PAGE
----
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August 05, 2020
It's true that you can find a lot of valuable skincare information online, however, there are also a lot of myths and misconceptions floating around every corner of the internet that even seasoned beauty editors are unaware of. It's time to debunk these myths so that everyone can make better informed decisions when it comes to caring for their skin. Here are 5 skincare myths you need to stop believing:
The upper layer of the skin, the stratum corneum, is made up of old, dead skin cells. The thicker it gets, the tougher and dryer the skin feels, the duller it appears, and the harder it is for products and their active ingredients to penetrate the skin. Acids and enzymes work by dissolving the bond between these dead, unwanted skin cells so they can be shred off much easier and quicker.
At the same time, these acids actually help thicken the dermis, because with time, they increase the amount of collagen deposition and synthesis, as well as hyaluronic acid production within the dermis, so the skin will appear more plumped, smooth and bouncy.
So sloughing of unwanted dead skin cells should not be confused with thinning the skin. In fact, acids can be used up to 3 times a week depending on the formula, and enzymes can be used everyday, with no irritations.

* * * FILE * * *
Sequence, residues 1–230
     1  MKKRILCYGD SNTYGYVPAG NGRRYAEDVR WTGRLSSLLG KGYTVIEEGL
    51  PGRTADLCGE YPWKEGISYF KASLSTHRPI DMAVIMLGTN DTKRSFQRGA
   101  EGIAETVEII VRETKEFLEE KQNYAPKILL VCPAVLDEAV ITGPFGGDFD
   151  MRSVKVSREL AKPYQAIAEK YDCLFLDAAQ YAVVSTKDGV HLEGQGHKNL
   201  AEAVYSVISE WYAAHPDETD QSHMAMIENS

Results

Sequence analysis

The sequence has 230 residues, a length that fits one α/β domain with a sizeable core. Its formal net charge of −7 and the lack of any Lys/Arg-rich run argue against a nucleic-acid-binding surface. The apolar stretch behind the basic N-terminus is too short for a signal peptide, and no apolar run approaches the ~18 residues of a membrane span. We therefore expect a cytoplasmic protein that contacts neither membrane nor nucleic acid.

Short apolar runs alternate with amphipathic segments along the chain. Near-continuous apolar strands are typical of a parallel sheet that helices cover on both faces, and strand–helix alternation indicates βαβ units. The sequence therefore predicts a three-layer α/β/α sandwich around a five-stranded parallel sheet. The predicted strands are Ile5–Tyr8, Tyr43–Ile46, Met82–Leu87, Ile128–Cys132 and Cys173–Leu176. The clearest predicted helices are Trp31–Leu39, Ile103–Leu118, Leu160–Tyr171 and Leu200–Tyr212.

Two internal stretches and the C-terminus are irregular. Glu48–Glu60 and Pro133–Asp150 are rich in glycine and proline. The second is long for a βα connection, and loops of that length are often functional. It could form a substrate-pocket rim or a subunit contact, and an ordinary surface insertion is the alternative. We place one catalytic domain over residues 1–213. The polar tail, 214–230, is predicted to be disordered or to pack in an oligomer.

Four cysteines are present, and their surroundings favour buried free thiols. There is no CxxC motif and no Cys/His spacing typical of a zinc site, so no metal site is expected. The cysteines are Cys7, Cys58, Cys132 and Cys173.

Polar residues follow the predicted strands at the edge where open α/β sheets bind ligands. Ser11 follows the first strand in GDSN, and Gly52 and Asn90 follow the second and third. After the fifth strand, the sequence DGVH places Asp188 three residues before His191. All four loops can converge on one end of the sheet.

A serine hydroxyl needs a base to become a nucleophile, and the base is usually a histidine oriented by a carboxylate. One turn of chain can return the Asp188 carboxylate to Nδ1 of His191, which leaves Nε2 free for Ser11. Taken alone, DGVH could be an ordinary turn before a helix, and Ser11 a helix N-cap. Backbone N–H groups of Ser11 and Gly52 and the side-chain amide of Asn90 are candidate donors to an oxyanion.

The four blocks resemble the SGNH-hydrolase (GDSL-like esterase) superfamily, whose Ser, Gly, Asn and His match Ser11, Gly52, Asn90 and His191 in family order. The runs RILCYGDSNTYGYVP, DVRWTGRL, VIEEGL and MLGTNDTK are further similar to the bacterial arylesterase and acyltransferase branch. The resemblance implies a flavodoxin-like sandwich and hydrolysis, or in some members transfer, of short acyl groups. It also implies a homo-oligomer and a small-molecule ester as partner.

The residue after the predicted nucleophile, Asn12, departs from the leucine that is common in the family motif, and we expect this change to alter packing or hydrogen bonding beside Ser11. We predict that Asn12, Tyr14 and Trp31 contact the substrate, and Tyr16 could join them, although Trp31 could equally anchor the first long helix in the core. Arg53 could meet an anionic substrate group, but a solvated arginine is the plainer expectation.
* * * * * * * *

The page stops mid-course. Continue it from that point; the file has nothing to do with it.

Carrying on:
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acid(wash) Lactic Acid Brightening Cleanser <- Click to shop
Our pore size is genetically determined, thus its size cannot be physically changed. In addition, because pores are not muscles, they simply do not open or close. Period.
Steam can help loosen the oil, wax and dirt inside pores, making them easier to be cleansed away, but won’t actually open the pores like a door. Same goes with cold water. It can temporarily cause the skin to tighten, like goosebumps during winter, but it won’t affect your actual pore size whatsoever.
What you can do is exfoliate regularly with AHA, PHA and enzymes, and unclog pores with BHA and clay. Without dirt, sebum and dead skin cells clogging and enlarging them, the pores will easily appear smaller.
Then use products that can effectively encourage skin cell turnover and stimulate collagen production, such as retinol, niacinamide and peptides, to help support the collagen around the pores, so they will stay tight, thereby preventing them appear large and dragged down into an oval shape.
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Immersion Serum Concentrate <- Click to shop
While drinking water is definitely important for overall health, there is a lack of research actually proving drinking water impacts skin hydration. Obviously if you are continuously dehydrated, it will eventually take a toll on your skin, but the truth is, when you drink water, it first gets absorbed into the bloodstream, then filtered by the kidneys, and finally hydrates cells and helps nutrients reach different parts of our body through our blood flow——the water itself doesn't automatically get directed to the skin.
Therefore, in order to boost skin hydration, it is better to focus on topical hydration. Start by using a hydrating toner and serum consisting of a range of humectants, then lock that hydration in with emollients (say an oil or balm), and if you're really dry, some occlusives as well (for detailed explanation of the the differences, read <How To Properly Layer Skincare Products>.